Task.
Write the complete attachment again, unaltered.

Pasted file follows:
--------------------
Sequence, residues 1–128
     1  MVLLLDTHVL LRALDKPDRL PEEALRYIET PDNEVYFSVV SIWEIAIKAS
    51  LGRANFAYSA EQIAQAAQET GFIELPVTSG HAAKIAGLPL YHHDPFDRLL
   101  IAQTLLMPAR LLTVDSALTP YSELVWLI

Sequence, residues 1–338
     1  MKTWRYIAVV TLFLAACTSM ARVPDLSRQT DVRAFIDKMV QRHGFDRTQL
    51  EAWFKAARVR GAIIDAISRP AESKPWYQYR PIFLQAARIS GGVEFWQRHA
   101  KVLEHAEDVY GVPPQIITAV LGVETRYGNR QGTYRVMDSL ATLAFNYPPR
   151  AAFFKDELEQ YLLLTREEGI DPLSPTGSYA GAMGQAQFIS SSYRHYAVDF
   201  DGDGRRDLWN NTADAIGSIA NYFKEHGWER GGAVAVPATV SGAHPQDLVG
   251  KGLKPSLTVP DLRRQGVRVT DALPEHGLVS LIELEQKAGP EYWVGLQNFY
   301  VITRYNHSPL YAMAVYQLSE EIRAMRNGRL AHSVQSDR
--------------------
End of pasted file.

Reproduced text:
Sequence, residues 1–128
     1  MVLLLDTHVL LRALDKPDRL PEEALRYIET PDNEVYFSVV SIWEIAIKAS
    51  LGRANFAYSA EQIAQAAQET GFIELPVTSG HAAKIAGLPL YHHDPFDRLL
   101  IAQTLLMPAR LLTVDSALTP YSELVWLI

Sequence, residues 1–338
     1  MKTWRYIAVV TLFLAACTSM ARVPDLSRQT DVRAFIDKMV QRHGFDRTQL
    51  EAWFKAARVR GAIIDAISRP AESKPWYQYR PIFLQAARIS GGVEFWQRHA
   101  KVLEHAEDVY GVPPQIITAV LGVETRYGNR QGTYRVMDSL ATLAFNYPPR
   151  AAFFKDELEQ YLLLTREEGI DPLSPTGSYA GAMGQAQFIS SSYRHYAVDF
   201  DGDGRRDLWN NTADAIGSIA NYFKEHGWER GGAVAVPATV SGAHPQDLVG
   251  KGLKPSLTVP DLRRQGVRVT DALPEHGLVS LIELEQKAGP EYWVGLQNFY
   301  VITRYNHSPL YAMAVYQLSE EIRAMRNGRL AHSVQSDR